While many have it easier, the pandemic has been merciless for some struggling families. 48-year-old Wong Wai Hong shares with us how COVID-19 has impacted his life, and beyond.
Wai Hong is married with two schooling children aged 17 and 11 respectively, and a granddaughter currently aged two. His wife works in a multinational corporation (MNC) but is fortunate enough to be spared from retrenchment in the current hiring climate.
Retrenched due to COVID-19 as events business dries up
Despite having 26 years of experience in the Audio-Visual (AV) industry, Wai Hong found himself being retrenched when Suntec Singapore Convention and Exhibition Centre (Suntec Singapore) laid off nearly half of the employees in a retrenchment exercise this year.
“Everyone in the company kind of knew that mass retrenchment might be on the way. It was unavoidable since we knew that there won’t be any events taking place. There were no tourists, the DUCK & HiPPO tour were all affected too.”
Luckily enough Wai Hong found employment within the same industry the next day under a two-year contract with the help of his head of department.
But every transition to a new job has its difficulties. Wai Hong needed to pick up new skills for his new role. He opined that he was still having difficulties adapting to his new role, to be on par with his other colleagues, but he was thankful for his supportive bosses in his new company.
“It’s definitely tough to pick up a new skill and transit into a new job… my bosses are extremely supportive, which I really appreciate.”
Even for his luckier colleagues who retained their jobs, the feeling of uncertainty and fear remained deep-seated in them. Despite being retrenched, Wai Hong was in praises of his former employer, Suntec Singapore.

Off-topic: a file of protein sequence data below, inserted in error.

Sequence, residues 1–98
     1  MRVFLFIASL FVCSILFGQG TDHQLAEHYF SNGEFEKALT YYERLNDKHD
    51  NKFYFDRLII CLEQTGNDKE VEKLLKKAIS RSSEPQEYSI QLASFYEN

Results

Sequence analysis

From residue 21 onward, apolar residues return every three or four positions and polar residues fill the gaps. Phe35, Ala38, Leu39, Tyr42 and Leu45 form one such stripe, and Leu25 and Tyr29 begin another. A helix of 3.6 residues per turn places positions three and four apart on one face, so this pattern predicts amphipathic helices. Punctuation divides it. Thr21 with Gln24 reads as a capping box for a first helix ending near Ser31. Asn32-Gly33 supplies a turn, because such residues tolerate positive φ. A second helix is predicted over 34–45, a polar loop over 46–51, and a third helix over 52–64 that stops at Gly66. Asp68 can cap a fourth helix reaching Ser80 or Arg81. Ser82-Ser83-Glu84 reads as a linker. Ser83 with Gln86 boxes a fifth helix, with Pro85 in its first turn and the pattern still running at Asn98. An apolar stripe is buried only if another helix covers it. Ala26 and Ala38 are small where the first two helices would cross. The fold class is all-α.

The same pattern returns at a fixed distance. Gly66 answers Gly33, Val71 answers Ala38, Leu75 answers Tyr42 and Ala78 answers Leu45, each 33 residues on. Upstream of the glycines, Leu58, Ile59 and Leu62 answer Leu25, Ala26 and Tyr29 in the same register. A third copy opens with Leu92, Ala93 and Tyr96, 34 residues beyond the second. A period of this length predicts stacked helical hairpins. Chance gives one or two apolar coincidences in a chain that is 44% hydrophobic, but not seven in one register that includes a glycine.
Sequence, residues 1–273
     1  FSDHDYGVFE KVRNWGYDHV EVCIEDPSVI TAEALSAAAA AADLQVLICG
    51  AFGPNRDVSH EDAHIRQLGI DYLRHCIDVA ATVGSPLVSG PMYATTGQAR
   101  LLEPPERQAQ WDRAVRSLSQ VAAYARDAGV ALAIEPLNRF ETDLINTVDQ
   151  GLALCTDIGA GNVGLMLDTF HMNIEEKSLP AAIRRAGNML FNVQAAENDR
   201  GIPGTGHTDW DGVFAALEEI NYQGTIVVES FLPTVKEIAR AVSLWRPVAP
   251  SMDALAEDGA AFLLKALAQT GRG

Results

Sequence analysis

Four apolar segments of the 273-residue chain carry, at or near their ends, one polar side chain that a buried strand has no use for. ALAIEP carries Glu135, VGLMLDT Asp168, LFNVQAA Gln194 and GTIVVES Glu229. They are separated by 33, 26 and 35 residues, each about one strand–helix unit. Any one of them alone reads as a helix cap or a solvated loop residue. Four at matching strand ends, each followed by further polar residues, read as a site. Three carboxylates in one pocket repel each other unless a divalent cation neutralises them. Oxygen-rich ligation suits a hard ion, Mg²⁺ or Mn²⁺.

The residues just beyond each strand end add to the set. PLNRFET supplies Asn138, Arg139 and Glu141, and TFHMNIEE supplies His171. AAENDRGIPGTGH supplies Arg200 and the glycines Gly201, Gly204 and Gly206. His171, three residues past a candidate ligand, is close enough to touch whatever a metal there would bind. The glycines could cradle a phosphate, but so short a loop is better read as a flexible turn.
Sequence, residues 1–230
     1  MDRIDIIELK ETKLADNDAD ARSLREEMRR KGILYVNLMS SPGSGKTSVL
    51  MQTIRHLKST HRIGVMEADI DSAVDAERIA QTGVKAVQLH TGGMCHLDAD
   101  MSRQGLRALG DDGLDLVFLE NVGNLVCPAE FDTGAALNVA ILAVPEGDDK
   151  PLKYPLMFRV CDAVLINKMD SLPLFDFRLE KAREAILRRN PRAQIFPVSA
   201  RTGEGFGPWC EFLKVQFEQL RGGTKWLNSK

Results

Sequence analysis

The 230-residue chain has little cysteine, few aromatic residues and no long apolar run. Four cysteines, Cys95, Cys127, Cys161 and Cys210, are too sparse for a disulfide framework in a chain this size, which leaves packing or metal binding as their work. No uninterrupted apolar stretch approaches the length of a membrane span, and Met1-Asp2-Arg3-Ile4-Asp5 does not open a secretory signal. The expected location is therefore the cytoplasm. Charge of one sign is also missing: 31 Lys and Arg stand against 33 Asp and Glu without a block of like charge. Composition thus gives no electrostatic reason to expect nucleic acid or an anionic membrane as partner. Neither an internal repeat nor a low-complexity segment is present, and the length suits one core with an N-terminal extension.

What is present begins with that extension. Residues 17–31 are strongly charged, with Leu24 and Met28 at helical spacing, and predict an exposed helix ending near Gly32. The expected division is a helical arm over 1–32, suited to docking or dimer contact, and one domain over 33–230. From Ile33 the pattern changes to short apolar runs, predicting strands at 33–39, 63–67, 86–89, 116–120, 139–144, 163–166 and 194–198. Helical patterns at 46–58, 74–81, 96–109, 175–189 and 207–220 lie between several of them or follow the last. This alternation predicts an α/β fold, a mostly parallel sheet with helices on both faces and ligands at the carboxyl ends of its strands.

Retrenched but not defeated
He noted that during the retrenchment exercise, Suntec Singapore constantly reassured its employees and worked together with Building Construction and Timber Industries Employees’ Union (Batu) to bring the impact of the retrenchment on the workers’ lives to the minimum and assist them in finding other employment.
NTUC Secretary-General Ng Chee Meng was also present during the exercise to facilitate and understand ground sentiments.
“Honestly, the retrenchment benefit really helped me a lot,” Wai Hong tells me.
As a union member under BATU, Wai Hong was entitled to receive one month’s salary for each year of service and is paid pro-rated annual wage supplement. Besides, BATU has also helped Wai Hong in the application for the NTUC Care Fund (COVID-19) and the NTUC Care Fund (e-Vouchers) Programme, which helped him defray some of his children’s school expenses, as well as for the family’s daily necessities.
Wai Hong shared that his son is dyslexic and visits the Dyslexia Association of Singapore (DAS) for specialized learning to help him mediate the learning challenges brought about by dyslexia. Even with subsidies, Wai Hong voices that the monthly costs still weigh heavily in his mind. Hence the retrenchment benefits and additional financial support were a form of consolation which he found useful to tide over the immediate period of rapid changes.
Wai Hong choked up a little as he admitted that it wasn’t always easy for him to put on a strong front as the head of the household whenever he gets home – his wife occasionally suffers from a panic attack, and he certainly does not wish to stress his wife further.
COVID-19 may have brought challenges for Wai Hong and his family, but he is optimistic and confident that he would be able to overcome them,
“I believe that there will always be a silver lining in every bad situation. In this case, I am given a chance to learn new things, which would not be possible without COVID-19.”